The old tribal structures were alive and powerful in Oman as nowhere else in Arabia. In order to establish a new state Qaboos first had to peacefully unite the tribes, put an end to ancient feuds and persuade the leaders of the individual groupings to hand over their traditional powers to the Omani state and to actively cooperate in the building up of the new country – a difficult task for a young ruler if ever there was one.

The head of the tribe is the eldest of the tribe, the sheikh, which literally means “old man”. He shares this title with the remaining elders of the tribe, who have gained this distinction through their experience of life and through the respect that comes naturally with age. As “sheikh” can also denote any man of honour, sometimes younger people are also addressed as “old man”. As a group of tribal members of rank and honour the sheikhs make up the council or Majlis. The head of this tribal council is primus inter pares, first among equals, who draws his authority from age, respect and competence.

Some Omani tribes elect their chiefs. If the candidate holds himself aloof from the nomination this is taken as a sign that he is prepared to accept the election and also possesses the moral qualities necessary for the office. The good and bad qualities of the candidates are minutely weighed against one another in heated discussions until agreement is reached as to who is best-suited to lead the tribe. He is confirmed in his office as sheikh by the personal agreement of the tribal members. In the past it sometimes happened that no agreement could be arrived at when one part of a tribe could not be persuaded to subject itself to the favoured candidate. In such cases the tribe would split. The individual groups would then join up with other tribes which would require an oath of allegiance in return for offering them protection. The leading sheikhs of such tribal groups are called Tamima. Amongst the Bedouin the individual tribal branches are led by a rashid. Members of the tribal councils in towns and communities are called wali. Jurisprudence is administered regionally by the wali, in conjunction with the qadi, a judge who has attained that position either by graduating from an Islamic law college or by taking advanced study with local religious experts.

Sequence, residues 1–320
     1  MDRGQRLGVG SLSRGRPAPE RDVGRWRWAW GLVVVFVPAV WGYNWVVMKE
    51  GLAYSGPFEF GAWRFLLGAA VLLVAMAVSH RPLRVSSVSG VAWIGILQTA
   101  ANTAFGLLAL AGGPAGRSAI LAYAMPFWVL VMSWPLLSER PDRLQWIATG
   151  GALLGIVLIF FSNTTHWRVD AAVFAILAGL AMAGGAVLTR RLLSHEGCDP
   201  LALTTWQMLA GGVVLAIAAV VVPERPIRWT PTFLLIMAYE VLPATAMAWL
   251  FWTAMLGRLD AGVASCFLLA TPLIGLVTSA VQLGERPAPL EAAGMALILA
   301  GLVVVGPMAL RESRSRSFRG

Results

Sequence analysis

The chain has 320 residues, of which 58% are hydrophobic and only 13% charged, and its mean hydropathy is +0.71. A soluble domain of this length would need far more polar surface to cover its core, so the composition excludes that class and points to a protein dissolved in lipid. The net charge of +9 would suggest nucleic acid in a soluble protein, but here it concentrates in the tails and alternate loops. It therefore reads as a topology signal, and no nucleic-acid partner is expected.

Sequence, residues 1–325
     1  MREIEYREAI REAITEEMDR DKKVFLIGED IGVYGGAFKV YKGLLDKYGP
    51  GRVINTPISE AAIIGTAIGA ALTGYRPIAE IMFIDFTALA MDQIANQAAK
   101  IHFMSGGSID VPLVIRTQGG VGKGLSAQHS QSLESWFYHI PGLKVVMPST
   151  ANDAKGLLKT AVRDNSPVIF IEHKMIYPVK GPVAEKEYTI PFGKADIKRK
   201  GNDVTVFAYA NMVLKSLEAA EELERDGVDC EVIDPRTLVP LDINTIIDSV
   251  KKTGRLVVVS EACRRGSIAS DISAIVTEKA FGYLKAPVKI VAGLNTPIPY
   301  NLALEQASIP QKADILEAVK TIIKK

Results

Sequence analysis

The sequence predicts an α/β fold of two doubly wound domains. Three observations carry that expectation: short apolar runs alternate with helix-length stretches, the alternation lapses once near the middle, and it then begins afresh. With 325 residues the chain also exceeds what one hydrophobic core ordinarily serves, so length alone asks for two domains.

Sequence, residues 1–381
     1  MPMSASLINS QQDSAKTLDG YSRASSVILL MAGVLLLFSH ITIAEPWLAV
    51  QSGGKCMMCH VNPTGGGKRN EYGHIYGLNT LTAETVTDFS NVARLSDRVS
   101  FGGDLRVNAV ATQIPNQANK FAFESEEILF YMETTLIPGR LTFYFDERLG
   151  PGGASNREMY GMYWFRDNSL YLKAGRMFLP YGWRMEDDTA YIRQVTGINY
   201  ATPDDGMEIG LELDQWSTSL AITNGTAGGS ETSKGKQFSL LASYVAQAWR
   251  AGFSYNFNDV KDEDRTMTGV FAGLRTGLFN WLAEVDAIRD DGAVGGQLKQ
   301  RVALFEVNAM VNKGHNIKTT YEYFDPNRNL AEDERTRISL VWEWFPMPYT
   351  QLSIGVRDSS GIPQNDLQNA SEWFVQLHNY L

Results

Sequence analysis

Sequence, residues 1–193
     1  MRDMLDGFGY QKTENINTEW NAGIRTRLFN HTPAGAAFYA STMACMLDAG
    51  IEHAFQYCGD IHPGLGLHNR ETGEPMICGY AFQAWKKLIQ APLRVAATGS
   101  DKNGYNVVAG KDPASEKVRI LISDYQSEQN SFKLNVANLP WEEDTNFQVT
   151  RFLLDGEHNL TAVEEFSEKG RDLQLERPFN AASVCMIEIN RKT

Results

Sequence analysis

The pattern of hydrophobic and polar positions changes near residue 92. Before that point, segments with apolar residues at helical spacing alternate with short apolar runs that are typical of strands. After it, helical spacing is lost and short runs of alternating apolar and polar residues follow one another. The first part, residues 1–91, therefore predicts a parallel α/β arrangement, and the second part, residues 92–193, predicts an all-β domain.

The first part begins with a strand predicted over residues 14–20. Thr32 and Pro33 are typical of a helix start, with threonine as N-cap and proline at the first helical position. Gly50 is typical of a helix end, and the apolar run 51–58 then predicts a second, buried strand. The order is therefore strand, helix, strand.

The Majlis system is of primary significance for the modern Omani state because it represents a form of democratic direct representation due to its nearness to the people. Everyone with a problem has the right to speak directly to his sheikh. He will then bring the matter before the next higher tribal council. In this way the problem is passed through a hierarchy of Majlis to the level at which justice can be dispensed. The supreme sovereign, the Sultan, is the ultimate guarantor of this hierarchical system. This is also the key to understanding how a loosely coupled confederation of tribal areas could be united into a national state. It is not for nothing that the political organisation of modern Oman contains elements of this traditional Majlis system.